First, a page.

Yankees take advantage of baseball’s coronavirus issues: Sherman

Players, coaches and managers will let you know they do not make the schedule. They play who is put in front of them and however that works out, it works out.

If this is the week in which your opponent doesn’t have its starting quarterback or point guard, luck of the draw. If you are playing too many day games after night games or your West Coast trips are particularly ill-timed, your executives probably lobbied to change it before it became official, but here you are.

This major league season, though, has put all these concepts through the looking glass. Which players are available daily has never been more in question since a common cold now will put a player on the injured list until he tests a few times to demonstrate it is not COVID-19. Which opponent you are playing and where has become a multiple choice question.

No team is going to be immune from the implications — flexibility is going to mean a lot more than if a player can kick his leg up above his head. But clearly greater advantages and disadvantages will be derived. The Blue Jays, for example, have no home games in their actual Toronto home. The Marlins, when they are scheduled to restart Tuesday, will have had to alter more than half a roster decimated by COVID-19. The Phillies did not play in the last week due to proximity to the infested Marlins, which could mean as many as 57 games in 56 days if they are to complete a 60-game schedule.

Conversely, the Yankees, to date, have benefited more than most. Again, no club is immune. DJ LeMahieu missed most of spring training 2.0 with the virus, and Luis Cessa and Aroldis Chapman are just returning now. Does Tommy Kahnle need Tommy John surgery because of the build up, shut down, build up reality of a re-start that has seen a spree of pitching injuries. The Yankees last week were stuck two days in Philadelphia without playing, were about to return home perhaps to play the Phillies and then pivoted to Baltimore to play the Orioles.

But even in that last one, you see the glimmer. There is no such thing as a sure win in the majors, but putting the Yankees in Camden Yards is as close as you get.

Yankees taking advantage of baseball's coronavirus mess.
Yankees taking advantage of baseball’s coronavirus mess.AP

What else aided and abetted the Yankees in a 6-1 start?

— Juan Soto learned just hours before the season opener that he was COVID-19 positive. So the defending champs lost the best hitter from a lineup that already was without Anthony Rendon (signed with the Angels) and Ryan Zimmerman (opted out of the season).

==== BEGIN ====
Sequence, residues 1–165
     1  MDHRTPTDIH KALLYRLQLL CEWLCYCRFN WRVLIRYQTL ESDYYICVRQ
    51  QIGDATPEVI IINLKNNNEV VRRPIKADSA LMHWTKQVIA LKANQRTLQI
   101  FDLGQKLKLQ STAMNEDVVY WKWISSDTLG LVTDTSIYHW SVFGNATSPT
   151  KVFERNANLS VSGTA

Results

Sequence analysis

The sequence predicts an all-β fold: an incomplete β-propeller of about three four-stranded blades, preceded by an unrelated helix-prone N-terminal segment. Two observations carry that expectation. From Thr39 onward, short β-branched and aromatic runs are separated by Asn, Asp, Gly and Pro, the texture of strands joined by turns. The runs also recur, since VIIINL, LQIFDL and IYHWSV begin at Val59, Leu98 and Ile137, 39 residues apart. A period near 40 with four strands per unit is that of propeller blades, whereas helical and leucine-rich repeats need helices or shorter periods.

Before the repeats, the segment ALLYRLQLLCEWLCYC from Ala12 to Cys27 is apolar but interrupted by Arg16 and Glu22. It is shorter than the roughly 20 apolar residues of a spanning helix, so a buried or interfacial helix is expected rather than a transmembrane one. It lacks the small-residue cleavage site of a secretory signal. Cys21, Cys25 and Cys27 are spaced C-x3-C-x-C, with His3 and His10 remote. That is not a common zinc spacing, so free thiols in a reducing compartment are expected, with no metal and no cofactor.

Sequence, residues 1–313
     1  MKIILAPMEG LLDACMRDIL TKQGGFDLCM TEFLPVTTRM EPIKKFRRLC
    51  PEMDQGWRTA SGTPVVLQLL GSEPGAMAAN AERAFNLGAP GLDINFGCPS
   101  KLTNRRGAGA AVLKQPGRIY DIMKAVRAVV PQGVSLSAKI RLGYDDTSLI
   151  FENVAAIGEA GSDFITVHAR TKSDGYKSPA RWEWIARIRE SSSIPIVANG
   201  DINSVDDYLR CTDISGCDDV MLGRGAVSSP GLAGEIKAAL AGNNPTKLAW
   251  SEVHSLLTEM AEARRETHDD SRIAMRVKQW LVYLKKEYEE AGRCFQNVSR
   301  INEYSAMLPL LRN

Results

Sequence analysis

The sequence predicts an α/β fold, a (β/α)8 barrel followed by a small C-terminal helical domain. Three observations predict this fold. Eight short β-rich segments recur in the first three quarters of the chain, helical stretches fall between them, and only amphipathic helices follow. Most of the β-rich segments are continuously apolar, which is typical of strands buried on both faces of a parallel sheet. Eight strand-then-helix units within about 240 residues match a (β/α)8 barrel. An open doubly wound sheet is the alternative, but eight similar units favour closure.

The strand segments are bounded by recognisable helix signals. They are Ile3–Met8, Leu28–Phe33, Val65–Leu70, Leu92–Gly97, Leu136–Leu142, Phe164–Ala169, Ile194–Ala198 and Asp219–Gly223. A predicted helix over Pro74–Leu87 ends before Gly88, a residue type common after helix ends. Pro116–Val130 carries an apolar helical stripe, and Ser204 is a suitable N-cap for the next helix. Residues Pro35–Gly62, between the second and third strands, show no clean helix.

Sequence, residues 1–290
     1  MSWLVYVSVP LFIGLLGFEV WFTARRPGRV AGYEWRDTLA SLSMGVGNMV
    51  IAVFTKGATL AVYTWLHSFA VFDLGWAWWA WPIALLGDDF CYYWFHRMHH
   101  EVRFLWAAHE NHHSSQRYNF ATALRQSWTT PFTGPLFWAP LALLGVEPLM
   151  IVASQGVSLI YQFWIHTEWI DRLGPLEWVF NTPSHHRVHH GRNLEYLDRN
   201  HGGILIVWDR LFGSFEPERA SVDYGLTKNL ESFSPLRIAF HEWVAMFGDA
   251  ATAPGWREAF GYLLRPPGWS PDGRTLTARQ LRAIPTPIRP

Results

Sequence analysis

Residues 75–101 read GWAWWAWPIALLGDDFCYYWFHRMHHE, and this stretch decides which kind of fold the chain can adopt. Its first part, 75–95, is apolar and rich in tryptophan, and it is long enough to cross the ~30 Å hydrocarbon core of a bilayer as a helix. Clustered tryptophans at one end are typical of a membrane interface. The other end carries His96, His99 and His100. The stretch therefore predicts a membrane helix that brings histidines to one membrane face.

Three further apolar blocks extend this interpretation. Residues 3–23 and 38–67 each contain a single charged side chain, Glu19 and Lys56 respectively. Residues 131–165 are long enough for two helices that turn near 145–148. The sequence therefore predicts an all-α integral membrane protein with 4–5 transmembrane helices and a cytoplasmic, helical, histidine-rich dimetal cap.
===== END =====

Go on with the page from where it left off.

The Nationals won once against the Yankees — the middle game of the three-game set in which Stephen Strasburg was scratched with nerve pain in his right hand. Which emphasizes that not every gift is opened.

— If your season is going to be impacted by COVID-19, there is a blessing to being in the right place at the right time. The Yankees had two games in Philadelphia postponed, but rather than have to go on an extended hiatus and risk losing the edge of playing, they were able to go to Baltimore to play because the Orioles were supposed to be facing the Marlins. Thus, the Marlins and Phillies were shut down, but the Yankees were able to keep on playing. Comparatively — as an example — the Nationals will have four days off before playing Tuesday because over the weekend they were supposed to play the Marlins.

— The Red Sox have just one quality starter and the Yankees missed Nathan Eovaldi because he pitched Wednesday against the Mets. In addition, Eduardo Rodriguez will not pitch this season due to a heart issue the Red Sox believe is a ramification of the lefty having had COVID-19. The only two Red Sox pitchers with sustained success against the Yankees last year were Eovaldi and Rodriguez.

— The Phillies will have gone seven days without playing when they face the Yankees in The Bronx on Monday. They were put on ice to await to see if any of their personnel contracted coronavirus after playing three games against the Marlins. No Phillie player tested positive. The team has had three workouts.

“It is human nature to think why us or poor Phillies, ‘Why did this happen,’ ” Jake Arrieta told Philadelphia reporters Sunday. “But once you have that initial thought and get it out of your head and turn the page, then it is time to think what do we have to do to stay ready; as ready as we possibly can, even though it is difficult.”

Nevertheless, a good attitude isn’t as valuable as continuing to face strong competition. Arrieta said with simulated games and bullpen sessions he is good for at least 80-90 pitches in his Monday 2020 debut. But expect Phillies manager Joe Girardi to be cautious in how much he extends any of his arms in the short run considering the rampant pitching injuries consuming the game.

That should be another advantage Yankees in this bizarre season.